Economic Insight: Patrick J. O’Keefe Shares Expectations for May Jobs Report
On Friday, June 6, the Bureau of Labor Statistics (BLS) will release data on labor market conditions in the United States through May 2014.
The accompanying chartbook displays the most recent labor market indicators.
Forecast: We expect the BLS to report continued employment growth in May, but at a slower pace than April’s, which was the recovery’s third-largest monthly gain.
We estimate that nonfarm employment increased by 245,000 jobs, thereby eclipsing the peak (138.4 million jobs) reached as the recession began in January 2008.
We also look for the BLS to report that labor force participation rose in May due to increases in the numbers of jobholders and jobseekers and, with the latter partially reversing April’s decline (the largest monthly drop since 1949), an uptick in the unemployment rate.
Background – Employment [Charts 1-29]: In April, for the second consecutive month, private sector employment rose to new record level, most recently 116.4 million jobs.
Over the jobs recovery’s 50-month span, private employers have added 9.2 million jobs.
Private service providers, whose employment in April was 3.3 million (3.6%) above its pre-recession peak, contributed the bulk (7.8 million) of those jobs.
Despite those gains, however, April’s total nonfarm employment was marginally (-0.1%) below its prior peak due to subpar growth in the goods producing sector and absolute losses in government employment.
Goods producers’ payrolls have increased 1.3 million since the jobs recovery began in March 2010, but their jobs count is 2.9 million less than when the 2007-2008 contraction began. Construction employment is 1.5 million less than at the recession’s start; manufacturing employment is 1.6 million less. (Both had been declining prior to the general downturn.)
Government employment in April was 519,000 less than at the downturn’s start. Local government cutbacks account for more than three-quarters (77.6%) of the shortfall.
In sum, the jobs recovery has occurred entirely in the private sector and, within it, has been disproportionately concentrated among service providers.
Between 1948 and 2007, there were 10 post-recession jobs recoveries. On average, total nonfarm employment returned to its pre-recession peak within 11 months; the longest recovery required 20 months.
We expect this week’s BLS data to show that nonfarm employment reached a new peak in May, 51 months after the jobs recovery began.
Background – Labor Force [Charts 30-41] The employment data discussed above are based on a survey of employers. A separate survey of households is the source of data regarding the labor market status of residents. To be counted as a labor force participant, an individual must be a non-institutionalized civilian, 16 years or older, and either a jobholder or jobseeker (i.e., having actively sought work in the prior four weeks).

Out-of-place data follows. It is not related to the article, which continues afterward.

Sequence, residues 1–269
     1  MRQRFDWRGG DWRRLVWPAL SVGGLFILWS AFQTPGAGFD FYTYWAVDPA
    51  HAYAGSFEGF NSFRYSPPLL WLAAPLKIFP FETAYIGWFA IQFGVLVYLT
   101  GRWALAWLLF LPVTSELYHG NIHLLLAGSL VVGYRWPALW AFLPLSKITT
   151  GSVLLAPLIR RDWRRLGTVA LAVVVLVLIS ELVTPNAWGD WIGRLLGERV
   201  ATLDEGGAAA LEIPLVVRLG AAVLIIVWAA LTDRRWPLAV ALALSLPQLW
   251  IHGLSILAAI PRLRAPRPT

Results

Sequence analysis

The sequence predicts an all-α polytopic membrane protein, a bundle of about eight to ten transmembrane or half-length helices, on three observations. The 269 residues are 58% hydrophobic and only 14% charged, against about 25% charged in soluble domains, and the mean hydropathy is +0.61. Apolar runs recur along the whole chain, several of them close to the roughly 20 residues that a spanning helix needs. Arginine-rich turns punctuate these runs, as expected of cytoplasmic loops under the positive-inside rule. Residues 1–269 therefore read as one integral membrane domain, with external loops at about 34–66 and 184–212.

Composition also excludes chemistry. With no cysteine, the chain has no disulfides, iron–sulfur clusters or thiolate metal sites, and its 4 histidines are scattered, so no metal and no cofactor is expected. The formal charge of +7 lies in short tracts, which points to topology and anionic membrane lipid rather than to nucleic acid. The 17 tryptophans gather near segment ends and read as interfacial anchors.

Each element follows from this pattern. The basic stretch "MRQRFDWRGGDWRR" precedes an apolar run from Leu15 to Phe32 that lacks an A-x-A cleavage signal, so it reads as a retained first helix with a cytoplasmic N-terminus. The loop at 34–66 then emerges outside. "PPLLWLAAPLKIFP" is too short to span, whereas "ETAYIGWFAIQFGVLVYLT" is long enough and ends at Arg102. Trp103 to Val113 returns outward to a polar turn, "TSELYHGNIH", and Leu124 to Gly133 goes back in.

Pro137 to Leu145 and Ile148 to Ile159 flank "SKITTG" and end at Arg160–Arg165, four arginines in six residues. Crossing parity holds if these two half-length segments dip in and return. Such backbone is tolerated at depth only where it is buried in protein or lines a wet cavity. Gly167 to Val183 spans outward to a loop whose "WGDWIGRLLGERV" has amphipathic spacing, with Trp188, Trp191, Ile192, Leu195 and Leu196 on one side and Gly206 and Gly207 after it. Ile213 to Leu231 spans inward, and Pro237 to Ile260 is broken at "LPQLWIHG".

Labor Force participation: From its historic peak in the first quarter of 2000, the labor force participation rate drifted gradually downward on shifting demographic trends. With the onset of the 2008-2009 contraction, however, participation dropped dramatically. It fell to a 36-year low in October and has hovered that level since.
The decline was most pronounced among youth (16-24 years of age) and those in their prime working years (20-54). Conversely, participation has increased modestly among those approaching retirement (55-64) and is at a 50-year high among those 65 and older.
The number of labor force participants (using a three-month average to smooth monthly gyrations) is 1.1 million (0.7%) larger than the pre-recession peak at the end of 2008. Over that span, as the work-age civilian population increased by 12 million (5.1%), the participation rate fell from 65.7% to April’s 62.8%.
Jobseekers: April’s drop in unemployment (-733,000) was the largest monthly decline since 1949. It was the largest month-on-month percentage decline since April 1998.
The decline in jobseekers reflected a sharp reduction in labor force participation, not an increase in the number of jobholders (which slipped marginally). As has often been the case during this jobs recovery, unemployment fell not because jobseekers found work but because they quit looking for it.
Jobholders: The number of individuals at work slipped a bit (-0.1%) from March, when it was the highest since the Spring of 2008. April’s count of jobholders was 7.7 million greater than when it bottomed at the end of 2009.
Since then, with the growth in jobholders exceeding that of the work-age population, the employment rate (i.e., the proportion of work-age individuals with jobs) has reached the highest since September 2009.
Other indicators of labor force utilization (e.g., discouragement, under-employment, long term unemployment) were relatively flat in April.